Common Chorus

Audience participation for conference speakers ? The common power of the pentatonic scale demonstrated by Bobby McFerrin at the World Science Festival.

After rehearsing just two notes the entire audience is spot on the third – with absolutely no warning of where he’s going next, up or down. And it continues eventually to the tonic / octave via random intervals. Simple but very impressive.

(Don’t know anything about WSF – looks a lot like TED – but got the link via StumbleUpon.)

15 thoughts on “Common Chorus”

  1. I watched this video a few weeks ago on TED. I’m facinated by music and particualy how it affects humans consciously and subconsciously.
    Try this experiment: whilst walking around the supermarket whistle a simple tune, one derived from the pentatonic scale… twimkle twinkle little star, or anything really. Then listen out for a responding whistle, more often than not it will be the same tune that you started . Silly, pointless and childlike, but it always makes me smile .

  2. Hi Marc, experiments are rarely pointless.
    That is of course how meme’s work – by resonating with what is already there. The danger is they simply re-inforce them, but they can just as easily spark something more creative.
    (You know Marvin Minsky’s work ?)

  3. Hello.
    I have never heard of Marvin Minsky but I understand your statement. I often wonder what circumstances cause memes to either re-inforce the static, or, encourage the dynamic ? What is the catalyst? I’m talking about social memes here, I suppose the scientist would be able to give me a precise answer on a biological level. Maybe there’s not much difference? I dunno?
    P.s Still not thought of an Idea for my occupational safety and health dissertation, but organisational decision making is a front runner at the moment.

  4. Hi Marc,

    I would say memes are all “social” – by definition. Communication in the biological level is by “genes” – again, by definition. Biology doesn’t “explain” sociology, it stops at explaining how sociological patterns are supported by (or emerge from) biological meat patterns. (Terry Bisson – Thinking Meat ?)

    (If you are intrested in the musical aspects of cognition, then Minsky is a place to start.)

    (Oh, and hi “Marc” – just associated you with the Marc in the earlier email thread – sorry didn’t notice initially. Organizational Decision-Making – oh yes – but then I’m biased.))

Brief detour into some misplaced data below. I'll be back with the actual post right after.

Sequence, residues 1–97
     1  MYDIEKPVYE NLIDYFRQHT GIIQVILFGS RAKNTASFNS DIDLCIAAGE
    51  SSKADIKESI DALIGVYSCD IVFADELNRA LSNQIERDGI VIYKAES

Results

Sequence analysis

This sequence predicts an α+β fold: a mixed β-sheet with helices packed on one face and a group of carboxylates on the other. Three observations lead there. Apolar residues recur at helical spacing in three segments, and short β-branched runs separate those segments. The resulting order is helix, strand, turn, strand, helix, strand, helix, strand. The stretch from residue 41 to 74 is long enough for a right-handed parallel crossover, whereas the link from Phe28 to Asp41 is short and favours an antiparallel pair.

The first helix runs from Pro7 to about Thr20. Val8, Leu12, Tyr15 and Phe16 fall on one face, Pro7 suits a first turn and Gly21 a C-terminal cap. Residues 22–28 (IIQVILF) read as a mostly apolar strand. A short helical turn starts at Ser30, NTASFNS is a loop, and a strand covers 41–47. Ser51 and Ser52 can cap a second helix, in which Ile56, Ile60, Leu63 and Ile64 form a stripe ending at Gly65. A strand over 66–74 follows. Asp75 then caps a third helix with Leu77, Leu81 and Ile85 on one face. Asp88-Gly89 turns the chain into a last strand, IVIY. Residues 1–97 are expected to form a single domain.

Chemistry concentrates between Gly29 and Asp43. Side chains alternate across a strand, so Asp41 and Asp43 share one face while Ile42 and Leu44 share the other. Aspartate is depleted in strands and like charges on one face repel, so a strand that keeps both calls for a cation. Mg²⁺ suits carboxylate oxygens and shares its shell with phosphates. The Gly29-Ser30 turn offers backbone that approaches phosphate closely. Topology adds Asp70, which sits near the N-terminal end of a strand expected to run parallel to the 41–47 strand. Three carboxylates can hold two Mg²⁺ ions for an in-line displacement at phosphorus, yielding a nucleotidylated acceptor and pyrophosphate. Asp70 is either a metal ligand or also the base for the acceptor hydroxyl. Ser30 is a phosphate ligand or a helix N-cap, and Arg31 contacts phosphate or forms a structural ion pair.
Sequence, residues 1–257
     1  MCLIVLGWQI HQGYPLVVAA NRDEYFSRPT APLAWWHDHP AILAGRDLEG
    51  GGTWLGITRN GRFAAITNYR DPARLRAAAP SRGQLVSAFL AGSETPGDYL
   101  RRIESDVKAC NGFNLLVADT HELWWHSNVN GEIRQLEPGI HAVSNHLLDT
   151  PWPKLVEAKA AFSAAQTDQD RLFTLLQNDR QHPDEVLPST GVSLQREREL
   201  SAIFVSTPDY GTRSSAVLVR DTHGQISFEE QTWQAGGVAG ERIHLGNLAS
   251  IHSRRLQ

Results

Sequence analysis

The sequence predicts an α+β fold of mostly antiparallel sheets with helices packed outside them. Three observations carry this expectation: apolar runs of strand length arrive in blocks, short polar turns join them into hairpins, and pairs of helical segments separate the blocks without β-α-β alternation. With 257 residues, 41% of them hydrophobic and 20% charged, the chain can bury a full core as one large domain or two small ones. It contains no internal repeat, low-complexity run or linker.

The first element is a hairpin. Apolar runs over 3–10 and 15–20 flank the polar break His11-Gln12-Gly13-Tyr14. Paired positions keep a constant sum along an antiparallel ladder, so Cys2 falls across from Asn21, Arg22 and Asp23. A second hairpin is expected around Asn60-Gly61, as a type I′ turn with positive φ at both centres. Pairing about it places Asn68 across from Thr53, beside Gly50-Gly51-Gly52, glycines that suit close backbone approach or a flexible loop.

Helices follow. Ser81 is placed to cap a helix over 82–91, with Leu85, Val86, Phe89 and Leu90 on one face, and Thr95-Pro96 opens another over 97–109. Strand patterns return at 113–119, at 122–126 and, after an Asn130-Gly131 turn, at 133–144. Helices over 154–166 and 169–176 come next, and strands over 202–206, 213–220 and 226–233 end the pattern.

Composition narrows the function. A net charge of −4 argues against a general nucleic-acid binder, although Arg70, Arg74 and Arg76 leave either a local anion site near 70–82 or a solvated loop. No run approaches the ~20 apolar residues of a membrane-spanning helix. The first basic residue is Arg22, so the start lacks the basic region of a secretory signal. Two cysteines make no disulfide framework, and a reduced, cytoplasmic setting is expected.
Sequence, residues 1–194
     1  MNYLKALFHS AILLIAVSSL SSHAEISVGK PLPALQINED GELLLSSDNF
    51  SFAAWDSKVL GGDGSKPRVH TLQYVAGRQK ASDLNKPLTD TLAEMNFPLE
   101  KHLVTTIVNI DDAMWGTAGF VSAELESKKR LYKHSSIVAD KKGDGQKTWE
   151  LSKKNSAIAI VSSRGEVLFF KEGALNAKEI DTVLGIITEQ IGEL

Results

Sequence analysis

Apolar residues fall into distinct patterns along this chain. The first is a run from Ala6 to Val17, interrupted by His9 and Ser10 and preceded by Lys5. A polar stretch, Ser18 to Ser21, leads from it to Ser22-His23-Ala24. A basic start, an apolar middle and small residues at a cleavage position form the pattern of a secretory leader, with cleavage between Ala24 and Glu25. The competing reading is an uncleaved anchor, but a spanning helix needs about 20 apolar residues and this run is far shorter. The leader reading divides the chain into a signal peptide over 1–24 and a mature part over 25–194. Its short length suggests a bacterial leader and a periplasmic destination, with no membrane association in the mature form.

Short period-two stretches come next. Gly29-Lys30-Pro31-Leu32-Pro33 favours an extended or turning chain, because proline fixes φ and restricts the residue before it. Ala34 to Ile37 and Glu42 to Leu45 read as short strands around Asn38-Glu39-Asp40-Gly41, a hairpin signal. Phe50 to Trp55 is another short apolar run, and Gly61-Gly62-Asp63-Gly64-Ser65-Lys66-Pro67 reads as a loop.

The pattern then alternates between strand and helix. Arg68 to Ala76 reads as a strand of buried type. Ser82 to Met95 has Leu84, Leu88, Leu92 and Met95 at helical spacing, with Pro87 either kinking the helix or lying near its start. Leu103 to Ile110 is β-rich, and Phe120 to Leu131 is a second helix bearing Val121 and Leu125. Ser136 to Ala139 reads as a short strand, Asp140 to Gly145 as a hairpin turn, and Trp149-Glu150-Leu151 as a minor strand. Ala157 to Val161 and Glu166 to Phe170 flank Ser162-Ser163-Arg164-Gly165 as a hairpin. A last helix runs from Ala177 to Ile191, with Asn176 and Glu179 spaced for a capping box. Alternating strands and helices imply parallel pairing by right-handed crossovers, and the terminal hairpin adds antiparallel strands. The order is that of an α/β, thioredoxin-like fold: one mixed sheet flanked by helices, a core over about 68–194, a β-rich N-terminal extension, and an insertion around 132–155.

5. Perhaps I should elaborate … the musical parallels with memetic patterns of social quality … he who pays the piper calls the tune. Riffing out loud …

    Memes resonating with existing “chords”. Do you get more clearly attuned to an existing note, do new harmonies / resonances / beats emerge, do you simply get the screech of out-of-control feedback, or drowning out of one sound with another ? Even in simple systems – anything can happen – most social systems are very complex. Are there “sweet spots” in ways to inject new “sounds” into a dynamic system and get quality results ? (Look at Dave Snowden’s “catalytic attractors” … like the football at the children’s party.)

  6. Hey.
    Thank’s for the link to Dave Snowdon, this could be particulary usefull on my “Groupthink” project.

    I think the infectuous nature of a beat/harmony most definetly encourages static quality and this parallels with what happens in society. When you talk about “sweet spots” I’m thinking about Punk music, and how it contained the most radical dynamic quality of the late 20th centuary, but that too died out.

    I read an article once, about how Theador Adorno hated Jazz music, he thought it contained radical licks and phrases that insulted classical music. He also believed it to be void of beauty and totaly dismissive of the dialectical process; twas very interesting.

    Anyway, I ordered On the Road With Robert Pirsig last night. Cannot wait for it to come.

    Also, have you heard of Shantaram ? it’s a book, but the authour also has a web site with some interesting philosophical views, a friend of mine sent me a link last night: unsure whether i should post links here, but type it into goolge and it will appear, first page.

  7. I’m OK with links Marc … the spam filter kicks in if people load comments with many links.

    Ah, shantaram – cosmosophy – … OK.
    I have passed over this one before. I think you are right to look at the eastern mystic views of these “cosmic” philsophical things, in the interests of research – after all I’m a fan of ZMM too. And the fundamental cosmogeny (where did we come from & why) type questions remain fundamental however you look at it – are you theist BTW ? BUT take care – don’t confuse the seductive attraction of the personal relations with the world that these views give, with more basic metaphysical concepts couched in mystical language. If you find yourself saying to yourself – it’s OK, I’m not really new-age – take a look at Mystic Bourgeoisie for the antidote 😉